"... the standardized courses don't shed much light on future opportunities and they make it hard for students to identify what they're most interested in. The CS department, on the other hand, is great at demonstrating all the things that are going on in the modern comp sci world." -- Asa, one of our current CS students.
Asa's comment was in response to an event we held last Tuesday. We brought 100 current students up to FourSquare along with 100 of our CS alums for a mixer. Other than the fact that we aren't a department, I'm hoping he was spot on.
|Stuy CS from 1976 to the present|
A couple of months ago, I started to try to organize the graduates I've had the privilege of teaching over the years. I put out some feelers and the response has been great. So far we have about 400 members. I like to refer to us as the Stuy CS family since I'd like to think there's a stronger bond than that typical between a teacher and his students. I'd also like to think there's a common thread across the years that ties the older and younger graduates together.
To kick things off, I thought it would be a great idea to get the alums together with the current students. We've got people all over the tech map, from giant companies to startups. I started putting a list together here. I thought it would be great to expose our current students to the range of possibilities that await them.
Immediately, the family came through. Noah and Dave volunteered FourSquare as host for the event. They provided the food and the site. The alternative would have been to have the event at Stuy. This would have cost us and would have been somewhat mundane. Just being at a place like FourSquare seemed to really excite the current crop of Stuy students.
The evening of the event, I was a little nervous -- about 100 alums signed up, but would they show. I've been told that general alumni events can typically have a very high no-show rate, particularly when the event has no cost and registering is as easy as an email.
The kids and I arrived early -- school lets out at 3:30 and the event didn't start until 6:00. As 6:00 approached, the alums started to dribble in. By the time we started, we had a packed house!!! It was great seeing everybody again.
We had alums from every year. From 1995, my first set of graduates, to last years senior class. We also had a few older alums, including me and my classmate and friend Steve from '84 and Gerry ('76) , who I met when he volunteered to help Stuy CS back in the 90's. He's become a good friend to both me and the program in the years since.
For my part, I was extremely touched that everyone showed. As a teacher, you'd like to think you've had enough of an impact that your students would give back, but we rarely get any evidence as to the effects we've had. I've been fortunate enough to be in contact with a number of my alums through the years and a number of them have been kind enough express gratitude (often times more than I deserve) but to see everyone show up en masse really meant a lot to me. The only down side was there was so much going on, I really didn't get to spend time with anyone -- it was like hosting a wedding or bar mitzvah -- everyone's there, but you don't get to see anyone. I hope we can remedy this with more events and smaller events in the future.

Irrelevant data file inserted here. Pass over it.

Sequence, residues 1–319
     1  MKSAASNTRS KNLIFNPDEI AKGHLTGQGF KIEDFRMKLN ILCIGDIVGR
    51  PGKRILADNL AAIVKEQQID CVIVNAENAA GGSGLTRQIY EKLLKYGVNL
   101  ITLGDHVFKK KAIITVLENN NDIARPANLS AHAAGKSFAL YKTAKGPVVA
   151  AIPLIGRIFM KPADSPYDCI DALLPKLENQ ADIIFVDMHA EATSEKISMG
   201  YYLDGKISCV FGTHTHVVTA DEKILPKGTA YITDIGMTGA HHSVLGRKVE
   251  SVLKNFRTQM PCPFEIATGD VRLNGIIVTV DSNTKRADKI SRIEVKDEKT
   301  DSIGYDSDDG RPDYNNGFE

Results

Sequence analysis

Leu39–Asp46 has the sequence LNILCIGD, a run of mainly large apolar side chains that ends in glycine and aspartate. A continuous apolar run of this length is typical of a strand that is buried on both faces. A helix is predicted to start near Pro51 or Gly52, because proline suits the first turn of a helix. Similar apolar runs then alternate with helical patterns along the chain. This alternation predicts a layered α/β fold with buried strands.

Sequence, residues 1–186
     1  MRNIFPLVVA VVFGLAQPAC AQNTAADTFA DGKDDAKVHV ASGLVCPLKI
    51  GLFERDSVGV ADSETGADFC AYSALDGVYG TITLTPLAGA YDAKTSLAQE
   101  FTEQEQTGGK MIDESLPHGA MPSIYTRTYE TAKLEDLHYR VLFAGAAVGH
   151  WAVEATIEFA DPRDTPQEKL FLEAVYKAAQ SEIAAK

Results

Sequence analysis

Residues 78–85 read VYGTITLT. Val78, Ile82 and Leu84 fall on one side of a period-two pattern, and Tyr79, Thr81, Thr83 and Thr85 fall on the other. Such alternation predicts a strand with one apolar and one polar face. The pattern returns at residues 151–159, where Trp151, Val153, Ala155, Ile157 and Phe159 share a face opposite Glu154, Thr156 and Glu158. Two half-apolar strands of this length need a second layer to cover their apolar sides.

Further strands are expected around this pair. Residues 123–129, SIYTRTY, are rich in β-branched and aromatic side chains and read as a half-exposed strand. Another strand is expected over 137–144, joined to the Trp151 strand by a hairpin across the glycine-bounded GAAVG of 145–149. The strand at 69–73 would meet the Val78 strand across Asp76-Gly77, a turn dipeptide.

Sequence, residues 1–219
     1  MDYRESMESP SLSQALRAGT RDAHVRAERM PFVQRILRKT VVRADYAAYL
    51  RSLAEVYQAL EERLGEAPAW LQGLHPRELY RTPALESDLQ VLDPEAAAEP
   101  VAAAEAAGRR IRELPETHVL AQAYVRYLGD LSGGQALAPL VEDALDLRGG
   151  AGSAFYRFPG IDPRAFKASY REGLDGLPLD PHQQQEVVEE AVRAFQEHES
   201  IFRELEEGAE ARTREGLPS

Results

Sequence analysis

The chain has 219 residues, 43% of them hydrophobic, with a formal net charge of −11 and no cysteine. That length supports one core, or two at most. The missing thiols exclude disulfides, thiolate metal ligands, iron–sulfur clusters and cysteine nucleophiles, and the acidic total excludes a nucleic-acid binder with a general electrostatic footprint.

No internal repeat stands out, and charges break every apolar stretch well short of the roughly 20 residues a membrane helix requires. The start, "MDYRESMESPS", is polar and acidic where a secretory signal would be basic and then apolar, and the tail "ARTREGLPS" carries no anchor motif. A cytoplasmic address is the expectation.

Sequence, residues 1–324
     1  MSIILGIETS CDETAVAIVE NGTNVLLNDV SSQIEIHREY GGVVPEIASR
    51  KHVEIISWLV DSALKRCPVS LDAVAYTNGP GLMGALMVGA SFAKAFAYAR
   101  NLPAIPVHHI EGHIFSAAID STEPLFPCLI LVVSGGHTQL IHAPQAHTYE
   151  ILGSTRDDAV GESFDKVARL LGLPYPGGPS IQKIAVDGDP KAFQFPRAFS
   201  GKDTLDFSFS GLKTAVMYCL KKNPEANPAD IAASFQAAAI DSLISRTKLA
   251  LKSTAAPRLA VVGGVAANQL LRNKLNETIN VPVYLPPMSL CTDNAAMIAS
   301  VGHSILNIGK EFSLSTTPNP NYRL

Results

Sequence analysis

If any of the "family" is reading this, you've also got to give me some props -- even though I haven't seen many of the alums in years, I recognized almost everyone and remembered far more names than I probably deserved to.
We spent the evening mixing students and alums and the FourSquare crew threw in tours of the facilities. Afterwards, many of the alums stayed back to discuss how to move Stuy CS forward. How the alumni community can help Stuy CS and it's current students and how it can become a resource for fellow alums. I think there are a lot of things we can do as a community, and I'm excited about what's to come in the near future for us as a group.
For the students, feedback has been terrific. I've gotten comments like:
I was wavering between whether or not I would continue CS in college and as a career, but now I'm fairly certain.
I really enjoyed the compsci event, it was very helpful to talk to alumni because they reminded me that there is life after college. I also liked the community within a community feel of the event.
The students pretty much universally loved the event and I really think they got a lot out of it.
We had parent conferences last Thursday and Friday and parent after parent confirmed this. Just about every visitor I had mentioned how much their son or daughter got out of meeting the "family". People who were in their shoes a few short years ago and are now doing great things in the tech community.
From what I can tell, this was a unique event, at least to Stuy, no one's ever done anything like this before in any subject area. It looks like it was a slam dunk, at least with respect to value to the students.
Now the "family" just has to decide where we can go from here.